To establish and manage access rights granted to directory integration servers, Oracle Directory Integration Platform creates a group entry, called
odisgroup, during installation. When a directory integration server is registered, it becomes a member of this group. The DN of
cn=odisgroup,cn=directory admins,cn=directory integration plataform,cn=products,cn=oraclecontext
You control the access rights granted to directory integration servers by placing access control policies in the
odisgroup entry. The default policy grants various rights to directory integration servers for accessing the profiles. For example, the default policy enables the directory integration server to compare user passwords between Oracle Internet Directory and a connected directory it binds as a proxy on behalf of a profile. It also enables directory integration servers to modify status information in the profile—such as the last successful execution time and the synchronization status.
During installation, Oracle Directory Integration Platform creates a group entry called
odipgroup that enables you to control the access rights granted to various profiles. For additional security, the
odipegroup groups are also created during installation. All import profiles are assigned to the
odipigroup group and all export profiles are assigned to the
odipegroup group. Rights are controlled by placing appropriate access policies in the
odipgroup entry. The default access policy, automatically installed with the product, grants to profiles certain standard access rights for the integration profiles they own. One such right is the ability to modify status information in the integration profile, such as the parameter named
orclodipConDirLastAppliedChgTime. The default access policy also permits profiles to access Oracle Internet Directory change logs, to which access is otherwise restricted.
See Also:The chapter on access control, specifically, the section about security groups, in Oracle Fusion Middleware Administrator's Guide for Oracle Internet Directory for instructions about setting access control policies for group entries
Oracle Directory Integration Platform ensures that data is not modified, deleted, or replayed during transmission by using SSL. This SSL feature generates a cryptographically secure message digest—through cryptographic checksums using either the Message-Digest algorithm 5 (MD5) or the Secure Hash Algorithm (SHA) —and includes the message digest with each packet sent across the network.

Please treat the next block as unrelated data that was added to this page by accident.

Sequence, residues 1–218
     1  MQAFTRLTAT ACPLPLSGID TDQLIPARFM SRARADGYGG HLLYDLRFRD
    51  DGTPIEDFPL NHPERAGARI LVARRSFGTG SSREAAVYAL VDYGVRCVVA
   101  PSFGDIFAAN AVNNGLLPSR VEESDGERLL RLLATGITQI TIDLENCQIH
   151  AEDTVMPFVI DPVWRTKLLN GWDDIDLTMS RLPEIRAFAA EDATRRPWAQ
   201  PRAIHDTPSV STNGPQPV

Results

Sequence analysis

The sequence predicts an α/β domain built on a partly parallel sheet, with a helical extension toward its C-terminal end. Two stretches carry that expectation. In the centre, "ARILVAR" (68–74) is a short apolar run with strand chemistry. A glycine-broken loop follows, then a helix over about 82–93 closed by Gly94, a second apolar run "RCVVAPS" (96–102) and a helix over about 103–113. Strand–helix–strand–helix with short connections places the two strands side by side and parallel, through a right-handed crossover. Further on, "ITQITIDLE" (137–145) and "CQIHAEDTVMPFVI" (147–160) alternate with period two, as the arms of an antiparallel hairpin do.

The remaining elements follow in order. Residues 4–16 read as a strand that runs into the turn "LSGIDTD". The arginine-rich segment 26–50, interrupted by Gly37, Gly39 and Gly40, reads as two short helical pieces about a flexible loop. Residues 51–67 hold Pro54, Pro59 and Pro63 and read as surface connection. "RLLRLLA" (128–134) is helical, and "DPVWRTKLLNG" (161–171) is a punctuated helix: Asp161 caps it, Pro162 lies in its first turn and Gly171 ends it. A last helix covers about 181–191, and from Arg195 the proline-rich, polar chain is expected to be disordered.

Oracle Directory Integration Platform ensures that data is not disclosed during transmission by using public-key encryption available with SSL. In public-key encryption, the sender of a message encrypts the message with the public key of the recipient. Upon delivery, the recipient decrypts the message using the recipient's private key.
To exchange data securely between the directory integration server and Oracle Internet Directory, you must run both components in the same SSL mode.
You can run all the commonly used tools in SSL mode to transmit data to Oracle Internet Directory securely, including Oracle Enterprise Manager Fusion Middleware Control.
Oracle Directory Integration Platform uses the Credential Store Framework of the Oracle Application Server 11g infrastructure. The following is a list and description of the credentials Oracle Directory Integration Platform stores in this Credential Store Framework:
The Oracle Directory Integration Platform user password. The password is created during installation, stored as read-only, and read by run-time operations.
The JKS password. The JKS password is used if the Server Only (mode 2) SSL setting is configured for connecting to Oracle Internet Directory or a third-party directory. You can use the WebLogic Scripting Tool (WLST)
createCred() command to write the keystore password to the Credential Store Framework. For example: after invoking the WLST shell and connecting to the Oracle WebLogic Admin Server using the
connect() command, enter:
createCred(map="dip", key="jksKey", type="PC", user="userName", password="password")
The map and key options are fixed—the only supported values are
You can use the wlst
listCred() command to view the keystore password in the Credential Store Framework. For example: after invoking the WLST shell and connecting to the Oracle WebLogic Admin Server using the
connect() command, enter:
The Oracle Fusion Middleware WebLogic Scripting Tool Command Reference for more information about the wlst commands.